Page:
I’ve been struggling with my writing for several days. Weeks, really. The summer blues have had a strangling hold on me this year. I had several ideas on how I wanted to approach this month’s blog post. At one point, I wrote out a long piece about suffering from summer depression. It read like a book report on Seasonal Affective Disorder, and it had nothing to do with Halloween. As my deadline came and went, guilt followed, then, the shame of failure set in, and soon, it was hard to write anything at all, not even one of my goofy movie lists.
I belong to a few Halloween groups around the web, wherever I can find like-minded creatures. Halloweenophiles always seem to find each other. It’s nice not to feel the burden of being the weirdo sometimes. It’s a sure bet, the second Halloween merch hits the stores, people post pictures and store locations. We know how to comfort each other, most importantly, we understand why it’s important to do so, no explanation needed.
Sensing the buzz, off I went, in search of Halloween, looking for pumpkins, skeletons, black cats, and any sliver of orange and black. My local Michael’s did not disappoint.
I’ve always loved Halloween and spooky stuff, ever since I was a kid. My family used to go to the drive-in theater a lot. I saw all biggest horror movies of the 70s, including my first movie, Jaws, peaking from the backseat between the armrest. I remember staying up all night, afraid of the shadows cast from little yellow daisy lamp that my grandma gave me for 8th birthday, after watching a highly edited version of The Exorcist on CBS. It would be years before my desensitized eyeballs would watch the film again. It should come as no surprise that my favorite TV shows were The Munsters, The Addams Family, Bewitched, Twilight Zone, and the lesser remembered gem, The Ghost and Mrs. Muir. Thank the universe for syndicated TV.
Movies and TV became my first love. Eventually, I was inspired to create my own stories, none of which are published…yet.
A mea culpa
I love writing about Halloween and scary stories, but, for the love of Samhain, I still struggle in finding the courage to finish any of them. I can write and release haiku easily enough, but, when it comes to prose…little voices, witches, demons, whatever you want to call them, chatter like little birds. Noisy little birds. Man, I hate birds. I’m a cat person!
There’s a sense of responsibility when you start a blog. It pushes the windows open, allowing for more creativity. I just wish I was more daring, and disciplined. I’d have a lot of stories to share with you, but, all I have are caged birds.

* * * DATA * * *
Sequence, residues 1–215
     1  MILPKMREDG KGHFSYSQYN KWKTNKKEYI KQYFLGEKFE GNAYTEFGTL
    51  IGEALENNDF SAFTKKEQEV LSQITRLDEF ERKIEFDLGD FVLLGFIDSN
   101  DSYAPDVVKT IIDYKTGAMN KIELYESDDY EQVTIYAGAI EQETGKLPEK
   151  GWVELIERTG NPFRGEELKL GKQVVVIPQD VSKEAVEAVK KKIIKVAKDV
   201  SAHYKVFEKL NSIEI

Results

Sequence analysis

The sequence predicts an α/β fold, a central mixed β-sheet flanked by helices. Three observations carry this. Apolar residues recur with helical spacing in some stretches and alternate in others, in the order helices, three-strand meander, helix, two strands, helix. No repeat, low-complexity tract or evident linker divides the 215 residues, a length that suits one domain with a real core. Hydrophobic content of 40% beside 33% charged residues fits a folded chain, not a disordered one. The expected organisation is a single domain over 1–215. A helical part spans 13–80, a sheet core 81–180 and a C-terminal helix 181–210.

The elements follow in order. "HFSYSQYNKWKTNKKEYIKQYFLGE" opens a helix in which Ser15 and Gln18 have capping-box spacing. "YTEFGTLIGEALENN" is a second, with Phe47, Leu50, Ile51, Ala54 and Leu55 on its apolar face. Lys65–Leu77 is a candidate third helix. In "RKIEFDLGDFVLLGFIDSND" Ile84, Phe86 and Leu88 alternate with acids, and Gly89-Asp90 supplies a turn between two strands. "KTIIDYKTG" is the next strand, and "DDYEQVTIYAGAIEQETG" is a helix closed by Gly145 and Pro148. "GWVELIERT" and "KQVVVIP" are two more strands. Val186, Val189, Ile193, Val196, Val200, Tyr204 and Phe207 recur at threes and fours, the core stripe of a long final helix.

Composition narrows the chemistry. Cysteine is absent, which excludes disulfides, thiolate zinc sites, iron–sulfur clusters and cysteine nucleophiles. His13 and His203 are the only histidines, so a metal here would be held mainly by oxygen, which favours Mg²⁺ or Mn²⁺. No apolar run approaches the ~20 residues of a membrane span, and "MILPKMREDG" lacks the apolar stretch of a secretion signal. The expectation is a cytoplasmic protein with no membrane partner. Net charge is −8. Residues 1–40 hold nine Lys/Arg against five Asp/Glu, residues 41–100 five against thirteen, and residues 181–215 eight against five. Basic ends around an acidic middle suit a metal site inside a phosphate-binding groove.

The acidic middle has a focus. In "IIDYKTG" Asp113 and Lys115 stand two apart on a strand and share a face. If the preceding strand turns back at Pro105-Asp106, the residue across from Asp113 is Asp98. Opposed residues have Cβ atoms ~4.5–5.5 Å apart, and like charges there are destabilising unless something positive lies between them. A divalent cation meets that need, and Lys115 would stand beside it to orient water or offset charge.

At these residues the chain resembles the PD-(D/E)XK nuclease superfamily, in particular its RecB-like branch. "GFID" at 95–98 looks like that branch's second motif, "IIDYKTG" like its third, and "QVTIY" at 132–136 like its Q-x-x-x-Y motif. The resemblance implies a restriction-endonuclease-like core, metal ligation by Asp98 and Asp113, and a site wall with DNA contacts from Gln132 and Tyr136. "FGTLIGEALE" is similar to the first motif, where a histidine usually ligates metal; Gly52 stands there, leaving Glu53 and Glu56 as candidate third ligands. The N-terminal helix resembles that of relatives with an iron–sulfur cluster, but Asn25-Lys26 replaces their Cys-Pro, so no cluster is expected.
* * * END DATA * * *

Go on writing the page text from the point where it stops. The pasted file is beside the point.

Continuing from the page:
My face is melting
It’s hot. Too hot to think. Too hot to write. It’s hot everywhere, on the west coast, on the east coast, in Europe and the other side of the world. Warm weather breeds discontent. The longing for cool temps and fun-filled days of autumn drives the melancholy to new heights. I suspect that most Halloween fans feel as restless as I do right now.
Maybe we’re always depressed. Maybe we just notice it more this time of year.
I’m not going to tell anyone to hang in there, least of all, myself. Whether we’re sad for the summer or sad all-year-around, the key to our happiness lies inside our willingness to take responsibility for our own thoughts and actions. So, let’s not dull ourselves with video games and shopping, or drugs and alcohol, or whatever destructive vices we can find.
We definitely should be actively seeking out what makes us happy, and if that’s celebrating Halloween right now, instead of waiting until October, then, let’s do it. To hell what anyone says!
As the haunting season grows closer, summer’s end appears on the horizon. Remember, it’s always darkest before the dawn.
2 thoughts on “Darkest Before the Dawn”
What do you think of the petition to celebrate Halloween on the last Saturday of October?
I’ll never observe Halloween on any other day than October 31. Although, I’m not opposed if communities want to host trick or treating on the weekend. We can have two Halloweens. 😀 Honestly, at this point, the story’s been overblown. Just about every year a community gets together to decide on moving Halloween, sometimes for school, sometimes for safety and sometimes to make more money.